Frank Calvert

Frank Calvert (illustrator)
In 1865, English archaeologist Frank Calvert excavated trial trenches in a field he had bought from a local farmer at Hisarlik, and in 1868, Heinrich Schliemann, a wealthy German businessman and archaeologist, also began excavating in the area after a chance meeting with Calvert in Çanakkale.
He began exploratory excavations on the mound at Hisarlik (the site of the ancient city of Troy), seven years before the arrival of Heinrich Schliemann.

Wilusa

IliosWilusiyaWiluša
Metrical evidence from the Iliad and the Odyssey suggests that the name Ἴλιον (Ilion) formerly began with a digamma: Ϝίλιον (Wilion); this is also supported by the Hittite name for what is thought to be the same city, Wilusa.
The city is often identified with the Troy of the Ancient Greek Epic Cycle.

Dardanelles

HellespontDardanelles StraitÇanakkale Boğazı
Troy (, Troía, Ἴλιον, Ílion or Ἴλιος, Ílios; Troia and Ilium; Hittite: 𒌷𒃾𒇻𒊭 Wilusa or 𒋫𒊒𒄿𒊭 Truwisa; Truva or Troya) was a city in the far northwest of the region known in late Classical antiquity as Asia Minor, now known as Anatolia in modern Turkey, just south of the southwest mouth of the Dardanelles strait and northwest of Mount Ida.
The ancient city of Troy was located near the western entrance of the strait, and the strait's Asiatic shore was the focus of the Trojan War.

Aeneid

The AeneidÆneidAEneis
The Homeric legend of Troy was elaborated by the Roman poet Virgil in his Aeneid.
The Aeneid (Aeneis ) is a Latin epic poem, written by Virgil between 29 and 19 BC, that tells the legendary story of Aeneas, a Trojan who travelled to Italy, where he became the ancestor of the Romans.

Achilles

Achilleustragic championA'''chilles
Alexander the Great, for example, visited the site in 334 BC and there made sacrifices at tombs associated with the Homeric heroes Achilles and Patroclus.
Achilles' most notable feat during the Trojan War was the slaying of the Trojan prince Hector outside the gates of Troy.

Eratosthenes

Eratosthenes of Cyrenea seminal experimentEratosthenes of Alexandria
Ancient Greek historians variously placed the Trojan War in the 12th, 13th, or 14th centuries BC: Eratosthenes to 1184 BC, Herodotus to 1250 BC, and Duris of Samos to 1334 BC.
Eratosthenes was the founder of scientific chronology; he endeavoured to revise the dates of the chief literary and political events from the conquest of Troy.

Oresteia

AgamemnonThe OresteiaThe Eumenides
Besides the Iliad, there are references to Troy in the other major work attributed to Homer, the Odyssey, as well as in other ancient Greek literature (such as Aeschylus's Oresteia).
The play opens to a watchman looking down and over the sea, reporting that he has been lying restless "like a dog" for a year, waiting to see some sort of signal confirming a Greek victory in Troy.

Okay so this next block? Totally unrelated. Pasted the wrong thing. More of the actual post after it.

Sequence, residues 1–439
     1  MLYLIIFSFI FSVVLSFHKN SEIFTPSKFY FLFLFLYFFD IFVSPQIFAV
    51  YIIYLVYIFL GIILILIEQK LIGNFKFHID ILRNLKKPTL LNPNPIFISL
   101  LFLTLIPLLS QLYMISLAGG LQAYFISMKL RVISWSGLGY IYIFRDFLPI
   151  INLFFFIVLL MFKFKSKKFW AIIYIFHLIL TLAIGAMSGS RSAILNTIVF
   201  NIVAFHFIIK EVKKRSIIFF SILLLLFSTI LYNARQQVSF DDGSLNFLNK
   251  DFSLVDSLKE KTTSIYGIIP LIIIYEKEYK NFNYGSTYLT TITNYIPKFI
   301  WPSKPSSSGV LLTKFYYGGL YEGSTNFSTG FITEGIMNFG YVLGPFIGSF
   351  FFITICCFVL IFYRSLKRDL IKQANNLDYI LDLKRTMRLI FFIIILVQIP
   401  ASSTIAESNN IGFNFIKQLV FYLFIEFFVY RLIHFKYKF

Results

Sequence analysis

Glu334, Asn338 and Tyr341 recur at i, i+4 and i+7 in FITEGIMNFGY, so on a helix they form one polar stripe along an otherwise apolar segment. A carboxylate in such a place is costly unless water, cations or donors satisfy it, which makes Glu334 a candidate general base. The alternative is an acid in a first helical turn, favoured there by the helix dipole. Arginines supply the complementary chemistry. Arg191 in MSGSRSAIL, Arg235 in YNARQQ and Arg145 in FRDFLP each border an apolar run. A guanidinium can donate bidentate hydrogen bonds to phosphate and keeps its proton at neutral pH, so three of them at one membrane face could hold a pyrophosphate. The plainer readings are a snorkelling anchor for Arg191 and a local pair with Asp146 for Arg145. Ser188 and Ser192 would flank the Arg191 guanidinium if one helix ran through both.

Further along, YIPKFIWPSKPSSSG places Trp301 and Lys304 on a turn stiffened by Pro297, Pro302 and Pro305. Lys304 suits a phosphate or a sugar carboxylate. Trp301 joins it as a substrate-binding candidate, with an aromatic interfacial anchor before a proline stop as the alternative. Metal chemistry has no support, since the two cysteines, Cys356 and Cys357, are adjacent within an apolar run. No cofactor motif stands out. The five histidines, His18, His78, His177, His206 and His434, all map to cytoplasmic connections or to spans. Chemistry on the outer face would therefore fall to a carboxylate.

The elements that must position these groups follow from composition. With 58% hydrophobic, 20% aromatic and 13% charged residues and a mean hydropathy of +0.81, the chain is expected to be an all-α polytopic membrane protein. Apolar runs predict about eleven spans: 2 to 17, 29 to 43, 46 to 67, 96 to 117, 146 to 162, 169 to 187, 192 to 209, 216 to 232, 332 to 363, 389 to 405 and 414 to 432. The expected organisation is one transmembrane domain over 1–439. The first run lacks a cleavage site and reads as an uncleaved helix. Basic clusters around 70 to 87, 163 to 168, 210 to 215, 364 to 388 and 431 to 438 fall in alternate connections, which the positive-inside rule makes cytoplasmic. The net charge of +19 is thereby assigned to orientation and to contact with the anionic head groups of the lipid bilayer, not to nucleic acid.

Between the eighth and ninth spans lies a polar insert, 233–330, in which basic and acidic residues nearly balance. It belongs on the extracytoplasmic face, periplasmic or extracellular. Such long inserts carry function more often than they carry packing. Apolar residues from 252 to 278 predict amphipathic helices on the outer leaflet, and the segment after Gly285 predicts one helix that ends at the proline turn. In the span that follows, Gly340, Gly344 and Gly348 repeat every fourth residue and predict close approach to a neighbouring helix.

Priam

King PriamKing Priam of TroyPriamus
Frank Starke of the University of Tübingen recently demonstrated that the name of Priam, king of Troy at the time of the Trojan War, is connected to the Luwian compound Priimuua, which means "exceptionally courageous".
In Greek mythology, Priam was the legendary king of Troy during the Trojan War.

Digamma

ϜEpisemonPamphylian digamma
Metrical evidence from the Iliad and the Odyssey suggests that the name Ἴλιον (Ilion) formerly began with a digamma: Ϝίλιον (Wilion); this is also supported by the Hittite name for what is thought to be the same city, Wilusa.
It is also confirmed by the Hittite name of Troy, Wilusa, corresponding to the Greek name *Wilion.

Historicity of the Homeric epics

Historicity of the Iliadhistorical foundationhistoricity
The Greeks and Romans took for a fact the historicity of the Trojan War and the identity of Homeric Troy with the site in Anatolia.
This continued when Greco-Roman culture was Christianised: Eusebius of Caesarea offered universal history reduced to a timeline, in which Troy received the same historical weight as Abraham, with whom Eusebius' Chronologia began, ranking the Argives and Mycenaeans among the kingdoms ranged in vertical columns, offering biblical history on the left (verso), and secular history of the kingdoms on the right (recto).

Charles Maclaren

In 1822, the Scottish journalist Charles Maclaren was the first to identify with confidence the position of the city as it is now known.
He co-founded The Scotsman newspaper, was its editor for 27 years, and edited the 6th Edition of the Encyclopædia Britannica and the first to determinate the position of old Troy at Hisarlik

Carl Blegen

Carl William BlegenCarl W. Blegen
After Schliemann, the site was further excavated under the direction of Wilhelm Dörpfeld (1893–94) and later Carl Blegen (1932–38).
Carl William Blegen (January 27, 1887 – August 24, 1971) was an American archaeologist who worked on the site of Pylos in Greece and Troy in modern-day Turkey.

Epic Cycle

Trojan cycleepic traditionTrojan War cycle
It was the setting of the Trojan War described in the Greek Epic Cycle, in particular in the Iliad, one of the two epic poems attributed to Homer.

Wilhelm Dörpfeld

DörpfeldWilhelm DorpfeldDorpfeld
After Schliemann, the site was further excavated under the direction of Wilhelm Dörpfeld (1893–94) and later Carl Blegen (1932–38).
He is famous for his work on Bronze Age sites around the Mediterranean, such as Tiryns and Hisarlik (the site of the legendary city of Troy), where he continued Heinrich Schliemann's excavations.